10. Binaural Sound Localizer for Azimuthal Movement Detection Based on Diffraction

    PubMed Central

    Kim, Keonwook; Choi, Anthony

    2012-01-01

    Sound localization can be realized by utilizing the physics of acoustics in various methods. This paper investigates a novel detection architecture for the azimuthal movement of sound source based on the interaural level difference (ILD) between two receivers. One of the microphones in the system is surrounded by barriers of various heights in order to cast the direction dependent diffraction of the incoming signal. The gradient analysis of the ILD between the structured and unstructured microphone demonstrates the rotation directions as clockwise, counter clockwise, and no rotation of the sound source. Acoustic experiments with different types of sound source over a wide range of target movements show that the average true positive and false positive rates are 67% and 16%, respectively. Spectral analysis demonstrates that the low frequency delivers decreased true and false positive rates and the high frequency presents increases of both rates, overall. PMID:23112617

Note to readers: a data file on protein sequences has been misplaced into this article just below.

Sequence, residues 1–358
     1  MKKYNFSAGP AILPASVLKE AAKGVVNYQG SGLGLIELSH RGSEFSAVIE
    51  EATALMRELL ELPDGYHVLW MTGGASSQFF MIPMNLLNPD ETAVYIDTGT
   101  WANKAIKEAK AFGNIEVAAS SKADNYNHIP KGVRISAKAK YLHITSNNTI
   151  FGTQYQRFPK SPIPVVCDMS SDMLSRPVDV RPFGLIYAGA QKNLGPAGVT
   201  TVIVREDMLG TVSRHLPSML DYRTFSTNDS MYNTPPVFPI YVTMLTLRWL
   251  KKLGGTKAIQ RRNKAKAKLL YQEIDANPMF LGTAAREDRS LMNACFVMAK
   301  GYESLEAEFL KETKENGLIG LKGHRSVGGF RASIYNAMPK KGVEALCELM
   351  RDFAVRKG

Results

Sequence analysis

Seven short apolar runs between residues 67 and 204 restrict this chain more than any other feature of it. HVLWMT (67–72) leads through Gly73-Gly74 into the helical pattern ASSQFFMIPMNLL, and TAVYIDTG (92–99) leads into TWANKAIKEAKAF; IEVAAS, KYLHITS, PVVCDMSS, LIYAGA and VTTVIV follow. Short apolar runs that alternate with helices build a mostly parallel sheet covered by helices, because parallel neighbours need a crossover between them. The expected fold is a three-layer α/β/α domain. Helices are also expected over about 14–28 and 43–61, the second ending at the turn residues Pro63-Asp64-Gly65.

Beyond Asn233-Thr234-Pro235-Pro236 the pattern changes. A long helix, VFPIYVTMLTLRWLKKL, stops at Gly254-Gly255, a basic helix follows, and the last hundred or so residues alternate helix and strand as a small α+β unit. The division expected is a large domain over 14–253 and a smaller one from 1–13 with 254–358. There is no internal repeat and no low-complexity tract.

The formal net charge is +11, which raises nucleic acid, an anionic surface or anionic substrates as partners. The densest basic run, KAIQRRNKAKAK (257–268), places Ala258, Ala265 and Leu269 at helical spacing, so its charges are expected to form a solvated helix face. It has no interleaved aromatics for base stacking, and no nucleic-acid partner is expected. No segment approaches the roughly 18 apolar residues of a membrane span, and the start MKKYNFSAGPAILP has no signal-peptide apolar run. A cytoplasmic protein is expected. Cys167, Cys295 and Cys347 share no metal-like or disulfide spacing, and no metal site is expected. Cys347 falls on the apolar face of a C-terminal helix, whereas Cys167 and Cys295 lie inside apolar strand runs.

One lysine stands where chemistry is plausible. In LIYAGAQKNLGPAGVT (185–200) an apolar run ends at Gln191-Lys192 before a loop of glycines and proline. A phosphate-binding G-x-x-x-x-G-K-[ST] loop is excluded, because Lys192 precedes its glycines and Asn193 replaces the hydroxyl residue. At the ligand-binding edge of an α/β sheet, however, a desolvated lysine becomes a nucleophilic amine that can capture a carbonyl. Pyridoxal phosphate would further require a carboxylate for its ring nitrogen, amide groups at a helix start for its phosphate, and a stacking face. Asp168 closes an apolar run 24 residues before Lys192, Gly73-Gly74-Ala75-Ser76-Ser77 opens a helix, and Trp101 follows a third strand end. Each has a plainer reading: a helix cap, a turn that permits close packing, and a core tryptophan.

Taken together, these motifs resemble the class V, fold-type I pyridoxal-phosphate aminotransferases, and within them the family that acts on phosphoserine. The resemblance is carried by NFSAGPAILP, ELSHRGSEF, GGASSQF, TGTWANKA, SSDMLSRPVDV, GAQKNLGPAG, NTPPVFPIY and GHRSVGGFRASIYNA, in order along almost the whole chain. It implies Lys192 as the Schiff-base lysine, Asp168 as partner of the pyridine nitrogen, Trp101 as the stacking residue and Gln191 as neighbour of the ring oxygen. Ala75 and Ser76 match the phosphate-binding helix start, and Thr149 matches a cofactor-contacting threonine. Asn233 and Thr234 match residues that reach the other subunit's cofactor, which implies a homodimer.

11. The binaural masking-level difference of mandarin tone detection and the binaural intelligibility-level difference of mandarin tone recognition in the presence of speech-spectrum noise.

    PubMed

    Ho, Cheng-Yu; Li, Pei-Chun; Chiang, Yuan-Chuan; Young, Shuenn-Tsong; Chu, Woei-Chyn

    2015-01-01